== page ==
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Commentary: The political grandstanding of the LAUSD board

Guest contributor | March 4, 2016

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(From L): LAUSD school board members Monica Ratliff, Ref Rodriguez and Richard Vladovic

(From L): LAUSD school board members Monica Ratliff, Ref Rodriguez and Richard Vladovic

By Caroline Bermudez

With the Los Angeles Board of Education poised to consider the expansion of another successful charter school at its March 8 meeting, parents demanding more choice deserve to know what is driving the district’s questionable practices around charter review.

There is an anti-charter narrative so strong that it defies reason, and few illustrate it better than the board of the Los Angeles Unified School District.

The board, according to charter school organizations, is denying their petitions to open new schools. Since last July, LA Unified has turned down seven petitions and approved seven others. Just two years ago, the approval rating for new charters was 89 percent.

The reasons LA Unified cites for some of these charter schools not being allowed to expand? The handling of food contracts and problems with signatures.

And while established charter schools tend to have their contracts renewed (this academic year, the approval rate was 100 percent, the previous year it was 97 percent), the process is not without pain.

Charter leaders have long complained that the list of items a school must “fix” to secure a renewal is onerous, time-consuming and has little to do with students or outcomes.

Hillel Aron of L.A. Weekly wrote about the efforts of a former LA Unified board member, Bennett Kayser, to turn down charter school applications at every opportunity or even close down high-performing schools.

According to Aron’s article, Andrew Thomas, an education researcher who ran unsuccessfully for an LA Unified board position last year, said of Kayser at a candidate debate: “To vote on principle or ideology to close a school—it’s beyond the pale for me.”

But intellectually dishonest (or bankrupt, as was the case with Kayser) criticisms of charter schools certainly do not begin or end in Los Angeles. Policy researcher Conor Williams has written about the petty battles waged against charters across the nation, silly squabbles that include allegations of copyright violation.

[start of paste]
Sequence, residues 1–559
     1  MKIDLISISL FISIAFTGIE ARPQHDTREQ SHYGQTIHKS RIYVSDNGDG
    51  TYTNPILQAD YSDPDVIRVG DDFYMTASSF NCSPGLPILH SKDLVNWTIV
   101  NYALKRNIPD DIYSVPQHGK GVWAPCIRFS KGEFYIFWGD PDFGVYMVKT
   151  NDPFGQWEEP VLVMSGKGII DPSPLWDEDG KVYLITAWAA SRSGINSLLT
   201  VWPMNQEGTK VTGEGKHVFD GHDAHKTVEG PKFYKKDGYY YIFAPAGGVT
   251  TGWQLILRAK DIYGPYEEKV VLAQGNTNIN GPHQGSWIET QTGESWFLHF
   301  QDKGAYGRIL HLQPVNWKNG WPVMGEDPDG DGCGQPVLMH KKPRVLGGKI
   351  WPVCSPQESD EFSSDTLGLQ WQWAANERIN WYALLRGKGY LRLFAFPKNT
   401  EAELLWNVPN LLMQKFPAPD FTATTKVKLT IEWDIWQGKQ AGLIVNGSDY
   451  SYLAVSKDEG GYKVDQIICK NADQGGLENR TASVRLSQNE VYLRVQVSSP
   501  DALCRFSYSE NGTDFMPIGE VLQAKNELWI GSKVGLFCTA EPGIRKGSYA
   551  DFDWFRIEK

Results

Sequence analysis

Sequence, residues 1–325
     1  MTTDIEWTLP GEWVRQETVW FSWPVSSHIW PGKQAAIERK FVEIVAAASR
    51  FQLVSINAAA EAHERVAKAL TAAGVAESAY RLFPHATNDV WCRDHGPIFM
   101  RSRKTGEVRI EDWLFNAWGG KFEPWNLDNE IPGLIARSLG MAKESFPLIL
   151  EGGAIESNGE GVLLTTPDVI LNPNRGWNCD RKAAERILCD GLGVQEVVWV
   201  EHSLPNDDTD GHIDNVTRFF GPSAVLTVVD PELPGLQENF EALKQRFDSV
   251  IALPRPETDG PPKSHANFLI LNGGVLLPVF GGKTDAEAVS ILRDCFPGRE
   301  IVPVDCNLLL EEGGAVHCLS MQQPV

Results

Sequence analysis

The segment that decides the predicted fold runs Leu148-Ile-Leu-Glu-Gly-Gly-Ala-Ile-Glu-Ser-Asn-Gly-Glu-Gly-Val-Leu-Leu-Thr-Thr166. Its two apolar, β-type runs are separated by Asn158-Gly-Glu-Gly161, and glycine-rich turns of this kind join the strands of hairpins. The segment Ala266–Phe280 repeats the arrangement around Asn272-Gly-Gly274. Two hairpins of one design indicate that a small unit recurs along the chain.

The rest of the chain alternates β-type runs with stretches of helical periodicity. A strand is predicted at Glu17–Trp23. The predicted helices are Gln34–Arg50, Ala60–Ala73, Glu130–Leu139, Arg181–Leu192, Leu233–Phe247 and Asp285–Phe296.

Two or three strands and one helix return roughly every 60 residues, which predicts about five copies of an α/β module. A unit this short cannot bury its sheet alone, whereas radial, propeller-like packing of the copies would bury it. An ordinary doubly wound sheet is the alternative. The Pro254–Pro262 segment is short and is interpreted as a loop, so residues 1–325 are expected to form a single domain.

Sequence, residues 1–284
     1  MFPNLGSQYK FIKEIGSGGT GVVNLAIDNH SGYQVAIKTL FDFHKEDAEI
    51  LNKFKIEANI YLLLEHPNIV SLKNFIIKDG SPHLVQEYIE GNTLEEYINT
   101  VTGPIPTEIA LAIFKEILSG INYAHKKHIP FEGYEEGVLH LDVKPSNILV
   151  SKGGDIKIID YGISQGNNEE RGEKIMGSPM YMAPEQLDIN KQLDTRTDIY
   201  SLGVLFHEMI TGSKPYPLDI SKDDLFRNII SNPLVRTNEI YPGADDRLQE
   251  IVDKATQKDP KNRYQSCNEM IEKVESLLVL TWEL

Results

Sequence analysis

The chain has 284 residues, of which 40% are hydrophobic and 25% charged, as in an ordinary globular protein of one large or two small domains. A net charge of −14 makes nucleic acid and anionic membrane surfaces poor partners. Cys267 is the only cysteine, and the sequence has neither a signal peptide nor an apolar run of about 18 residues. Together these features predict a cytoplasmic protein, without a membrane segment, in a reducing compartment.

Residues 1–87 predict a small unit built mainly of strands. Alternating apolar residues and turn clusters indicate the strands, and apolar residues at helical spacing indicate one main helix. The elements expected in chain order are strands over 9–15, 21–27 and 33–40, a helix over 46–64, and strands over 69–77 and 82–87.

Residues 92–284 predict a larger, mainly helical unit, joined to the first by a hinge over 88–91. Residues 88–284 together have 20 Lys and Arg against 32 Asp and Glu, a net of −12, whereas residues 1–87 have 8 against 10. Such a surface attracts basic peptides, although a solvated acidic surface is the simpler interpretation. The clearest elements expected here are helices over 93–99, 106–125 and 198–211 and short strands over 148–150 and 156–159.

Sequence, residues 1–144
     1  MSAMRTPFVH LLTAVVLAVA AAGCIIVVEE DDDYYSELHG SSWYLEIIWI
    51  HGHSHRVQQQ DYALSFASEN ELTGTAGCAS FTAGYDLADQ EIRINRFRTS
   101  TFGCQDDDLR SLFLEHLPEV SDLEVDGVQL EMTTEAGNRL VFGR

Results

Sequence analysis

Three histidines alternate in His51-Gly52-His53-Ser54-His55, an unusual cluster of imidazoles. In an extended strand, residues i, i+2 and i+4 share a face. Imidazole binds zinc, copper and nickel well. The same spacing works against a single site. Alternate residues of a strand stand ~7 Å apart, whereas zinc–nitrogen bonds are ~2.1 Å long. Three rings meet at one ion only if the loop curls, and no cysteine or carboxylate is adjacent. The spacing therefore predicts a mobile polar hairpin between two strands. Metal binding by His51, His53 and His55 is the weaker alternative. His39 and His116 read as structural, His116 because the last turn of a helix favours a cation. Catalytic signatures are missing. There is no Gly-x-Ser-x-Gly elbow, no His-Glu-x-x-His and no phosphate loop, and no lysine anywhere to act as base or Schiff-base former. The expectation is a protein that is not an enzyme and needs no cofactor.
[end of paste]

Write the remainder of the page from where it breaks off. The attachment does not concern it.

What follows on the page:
Yes, you read that correctly. Copyright violation.

A successful and wildly popular school got grief because it removed swear words from a book it was criticized for having its students read as it was deemed too offensive in the first place by, fittingly enough, a charter school opponent.

Does that sound as ridiculous to you as it does to me? I think I know the answer.

Williams rightly notes, “Charter school critics have abandoned any pretense of consistency—any talking points will do.”

These talking points, which are largely false, typically involve spouting nonsense about charters being corporate (they are, repeat after me, slowly and with feeling, public schools), funded by billionaires, or adhere to strict disciplinary policies.

(It’s worth noting I recently visited a charter school where its students practice yoga and happily run around the parking lot during recess, lending further proof that charters greatly differ from one another.)

Not only are these attacks bereft of reason, they sometimes veer into harassment, like doxing poor women of color who dare voice their support of the charter schools their children attend.

On March 8, LA Unified is expected to determine whether KIPP Comienza Community Prep, the highest-performing school serving low-income children in the entire state of California, can grow to accommodate additional grades.

Eighty-four percent of its fourth graders scored proficient or advanced in English language arts on the Smarter Balanced Assessment compared to 39 percent for the rest of the state. The numbers are similarly staggering for their math scores—81 percent at Comienza, versus 35 percent for all California students. Most of these children, 80 percent, qualify for free or reduced-price lunch.

KIPP comes to the table with two decades of running successful schools in low-income communities, and a wealth of data about its results, including three federally funded research studies with the most recent one in 2015.

This should be an easy decision for the board.

Sarah Angel, managing director of advocacy for the California Charter Schools Association, expressed her confusion over the district’s reluctance to approve charter schools in a statement:

“It makes little sense that the district would start denying new charters when the district acknowledges the existing charters are succeeding. Successful charter schools should be supported by LAUSD to grow to serve more families in their communities, but instead, many of them are being prevented from growing. Those who are being denied those new schools are the families most in need of better schools and more choice in their neighborhoods.”

In a city dogged by educational shortcomings for its poor children of color, the LA Unified board seems to be letting political grandstanding come before giving more of its neediest children access into a proven foothold of educational equity.

Charter schools should receive careful scrutiny but to have proven, successful schools jump through unnecessary bureaucratic hoops is irresponsible—and nakedly ideological. Those entrusted in government service should hold themselves to much higher standards—as these schools have done for the children they educate.

Caroline Bermudez is a senior writer at Education Post and former reporter at Chronicle of Philanthropy.

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